This week, Lord Darzi’s long-awaited report into patient safety in England's health service, reported that as few as 5% of patient safety incidents are reported, often because of staff fearfulness.
And today an influential committee of MPs reproaches the government for its continuing failure to take whistleblowing seriously. A new report by the Public Accounts Committee says MPs are “disappointed by the lack of urgency” the government has shown around whistleblowing, and also “concerned” at the narrow scope.
All this is a further embarrassment to Jeremy Hunt who this week hung out more patient safety tinsel, announcing a raft of initiatives to “end the cover-up culture” and ensure an NHS that has “safe space” for staff and “learns from mistakes”. But behind the soundbites, where’s the detail? I phoned the Department of Health, but they were unable (or unwilling) to put much flesh on the bones.
The rebranded Healthcare Safety Investigation Branch (HSIB) will carry out “no blame” investigations, we’re told – and much fuss is made of legal “safe space” for staff within these. Some have questioned how this will be achieved without primary legislation. The Department of Health insists that it can be achieved, but has no draft directions to share. HSIB will only undertake 30 investigations a year when there are some 10,000 serious incidents, including over 300 Never Events.
The DH admits that there will be no “safe space” provision for thousands of NHS investigations that will take place outside of HSIB’s domain. Neither will HSIB report to parliament. Instead it will be a branch of NHS Improvement, possibly perpetuating conflicts of interest in NHS incident handling that parliament criticised a year ago.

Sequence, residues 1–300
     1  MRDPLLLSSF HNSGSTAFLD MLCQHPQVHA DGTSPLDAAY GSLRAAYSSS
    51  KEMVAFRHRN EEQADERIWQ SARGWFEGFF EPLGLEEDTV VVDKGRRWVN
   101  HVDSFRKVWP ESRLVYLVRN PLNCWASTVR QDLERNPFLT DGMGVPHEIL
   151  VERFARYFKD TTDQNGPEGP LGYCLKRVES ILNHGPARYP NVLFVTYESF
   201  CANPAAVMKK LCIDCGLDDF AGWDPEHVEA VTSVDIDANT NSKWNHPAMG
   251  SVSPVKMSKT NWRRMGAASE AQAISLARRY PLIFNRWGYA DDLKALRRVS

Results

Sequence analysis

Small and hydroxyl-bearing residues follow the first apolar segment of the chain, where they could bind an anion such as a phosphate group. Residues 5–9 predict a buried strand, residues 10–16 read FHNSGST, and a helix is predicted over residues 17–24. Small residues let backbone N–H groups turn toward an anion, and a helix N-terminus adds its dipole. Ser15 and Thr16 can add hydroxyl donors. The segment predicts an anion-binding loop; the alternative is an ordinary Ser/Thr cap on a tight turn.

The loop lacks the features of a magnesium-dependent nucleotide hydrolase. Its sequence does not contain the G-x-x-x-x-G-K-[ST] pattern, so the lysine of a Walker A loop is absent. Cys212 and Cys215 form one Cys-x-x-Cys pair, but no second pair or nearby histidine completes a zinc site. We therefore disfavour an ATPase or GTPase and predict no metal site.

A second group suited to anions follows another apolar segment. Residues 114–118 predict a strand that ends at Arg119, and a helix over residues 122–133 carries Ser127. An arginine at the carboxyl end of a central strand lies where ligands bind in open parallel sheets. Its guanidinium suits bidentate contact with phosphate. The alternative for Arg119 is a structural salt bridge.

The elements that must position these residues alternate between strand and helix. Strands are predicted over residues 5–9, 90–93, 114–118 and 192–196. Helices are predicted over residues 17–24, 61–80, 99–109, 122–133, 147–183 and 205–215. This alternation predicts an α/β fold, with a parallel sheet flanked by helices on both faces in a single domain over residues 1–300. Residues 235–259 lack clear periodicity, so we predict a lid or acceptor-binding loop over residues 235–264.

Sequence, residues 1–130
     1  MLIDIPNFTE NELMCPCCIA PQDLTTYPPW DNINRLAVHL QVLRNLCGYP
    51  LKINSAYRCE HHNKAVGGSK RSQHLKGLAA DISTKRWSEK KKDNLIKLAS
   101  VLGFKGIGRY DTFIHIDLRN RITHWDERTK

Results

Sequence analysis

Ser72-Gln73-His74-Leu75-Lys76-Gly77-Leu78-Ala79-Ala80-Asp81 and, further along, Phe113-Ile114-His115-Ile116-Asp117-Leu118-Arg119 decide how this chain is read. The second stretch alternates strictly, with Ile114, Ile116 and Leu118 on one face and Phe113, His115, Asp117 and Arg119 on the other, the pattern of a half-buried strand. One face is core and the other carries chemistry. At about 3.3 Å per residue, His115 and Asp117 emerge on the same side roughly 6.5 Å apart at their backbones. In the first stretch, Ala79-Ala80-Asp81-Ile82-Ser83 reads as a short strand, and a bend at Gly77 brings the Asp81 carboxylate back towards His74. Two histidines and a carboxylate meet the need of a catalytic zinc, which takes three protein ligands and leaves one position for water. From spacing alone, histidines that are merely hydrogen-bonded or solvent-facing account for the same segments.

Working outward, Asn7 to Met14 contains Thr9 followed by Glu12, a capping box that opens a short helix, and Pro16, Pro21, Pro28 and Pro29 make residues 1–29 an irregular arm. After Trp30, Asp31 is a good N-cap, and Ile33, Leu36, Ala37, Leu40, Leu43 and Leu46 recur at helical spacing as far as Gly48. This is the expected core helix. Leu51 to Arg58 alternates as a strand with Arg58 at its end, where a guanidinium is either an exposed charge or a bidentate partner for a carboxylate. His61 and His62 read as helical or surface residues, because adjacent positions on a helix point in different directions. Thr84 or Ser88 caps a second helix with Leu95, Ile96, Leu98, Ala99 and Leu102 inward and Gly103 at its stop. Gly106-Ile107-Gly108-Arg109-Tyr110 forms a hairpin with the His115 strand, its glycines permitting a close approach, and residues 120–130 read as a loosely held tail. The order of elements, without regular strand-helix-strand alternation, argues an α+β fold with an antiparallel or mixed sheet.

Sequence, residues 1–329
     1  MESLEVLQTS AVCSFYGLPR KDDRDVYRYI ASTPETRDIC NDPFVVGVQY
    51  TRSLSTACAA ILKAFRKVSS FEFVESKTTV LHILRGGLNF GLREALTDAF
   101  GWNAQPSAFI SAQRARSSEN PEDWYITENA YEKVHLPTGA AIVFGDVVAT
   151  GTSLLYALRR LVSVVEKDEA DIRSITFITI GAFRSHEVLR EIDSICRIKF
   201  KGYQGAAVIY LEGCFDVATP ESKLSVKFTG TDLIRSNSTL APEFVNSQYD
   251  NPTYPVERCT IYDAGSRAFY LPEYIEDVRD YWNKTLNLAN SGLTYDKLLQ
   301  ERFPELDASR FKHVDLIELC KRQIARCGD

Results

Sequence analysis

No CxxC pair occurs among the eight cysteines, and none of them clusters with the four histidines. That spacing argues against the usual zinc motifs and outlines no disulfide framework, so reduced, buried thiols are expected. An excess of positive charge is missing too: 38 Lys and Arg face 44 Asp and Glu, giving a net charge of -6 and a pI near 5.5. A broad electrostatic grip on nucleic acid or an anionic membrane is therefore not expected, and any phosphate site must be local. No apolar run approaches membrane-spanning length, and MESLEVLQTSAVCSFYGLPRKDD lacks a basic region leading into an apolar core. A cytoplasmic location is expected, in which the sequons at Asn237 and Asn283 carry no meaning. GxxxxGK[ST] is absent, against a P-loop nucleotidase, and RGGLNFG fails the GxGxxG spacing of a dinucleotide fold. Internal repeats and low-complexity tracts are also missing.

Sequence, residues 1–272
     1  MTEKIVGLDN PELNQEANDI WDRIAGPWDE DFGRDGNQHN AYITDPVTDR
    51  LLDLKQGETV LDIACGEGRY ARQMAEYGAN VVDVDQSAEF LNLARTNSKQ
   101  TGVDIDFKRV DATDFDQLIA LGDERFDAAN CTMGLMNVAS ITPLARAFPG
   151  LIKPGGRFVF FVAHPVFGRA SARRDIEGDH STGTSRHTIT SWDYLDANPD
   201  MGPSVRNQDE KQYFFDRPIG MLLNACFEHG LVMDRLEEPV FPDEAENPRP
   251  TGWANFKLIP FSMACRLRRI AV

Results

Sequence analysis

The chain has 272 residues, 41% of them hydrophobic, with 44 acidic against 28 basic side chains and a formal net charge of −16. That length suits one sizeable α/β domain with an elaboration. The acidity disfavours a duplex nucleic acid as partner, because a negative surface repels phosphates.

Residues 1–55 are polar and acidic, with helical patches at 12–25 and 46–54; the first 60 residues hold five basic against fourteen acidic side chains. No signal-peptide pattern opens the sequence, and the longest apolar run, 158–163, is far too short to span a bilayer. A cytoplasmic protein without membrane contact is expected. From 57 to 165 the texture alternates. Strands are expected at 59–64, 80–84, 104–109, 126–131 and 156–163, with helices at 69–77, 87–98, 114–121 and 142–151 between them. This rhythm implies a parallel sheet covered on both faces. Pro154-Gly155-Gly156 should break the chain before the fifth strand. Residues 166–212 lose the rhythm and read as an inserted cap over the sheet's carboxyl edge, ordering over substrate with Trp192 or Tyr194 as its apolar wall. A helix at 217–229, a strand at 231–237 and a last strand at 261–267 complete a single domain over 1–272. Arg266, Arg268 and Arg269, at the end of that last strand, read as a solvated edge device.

There’s a catchy new “Learning from Mistakes League”. It places the NHS Improvement CEO’s old trust at the top. However this trust (Northumbria) super-gagged 45 staff, a practice criticised by Robert Francis as “draconian” and unhelpful.
But there’s no sign of Hunt learning from his own serious mistakes in relation to how he protects – or doesn’t protect - whistleblowers.
In the Commons this week, Hunt agreed merely to “reflect” on a further call, from a Health Committee member, for review of past whistleblower cases.
And last week – in a highly embarrassing move for Hunt - Dame Eileen Sills resigned as the first “National Freedom to Speak Up” Guardian, before she’d even started the job. The creation of her post was a centrepiece of Hunt’s promises on protecting both patients and whistleblowers, post-mid-Staffs.
Her resignation came ten days after she said defiantly “I won’t be dropping any balls”.
She was responding to criticism that the Guardian post was only two days a week, and established on top of her full time £174,000 commitment as Chief Nurse at Guy’s.
Eileen Sills was purportedly appointed to lead improvement in NHS whistleblowing governance at national level, and to support a network of local whistleblowing Guardians employed by NHS bodies.
But from the start, the majority of whistleblowers and campaigners predicted problems with the National Guardian’s office, pointing out that what is needed is a truly independent body that reports directly to parliament, which has powers to investigate and remedy poor whistleblowing governance, and is properly resourced.
Instead, we got a part-time office implemented by the government’s regulator, the Care Quality Commission (CQC). The CQC’s specification for the post focused heavily on what the National Guardian would not do:
· no remit for hundreds of “historical” cases
· no investigation of the disclosures made by staff
· no assessment of the soundness of local investigations by employers
· no investigation of cases
· no provision of appeal against local decisions by employers
· no statutory powers
All of which – along with the part-time nature - rendered the office merely decorative. Even Eileen Sills herself expressed disquiet to me that “historical” cases were excluded from her remit.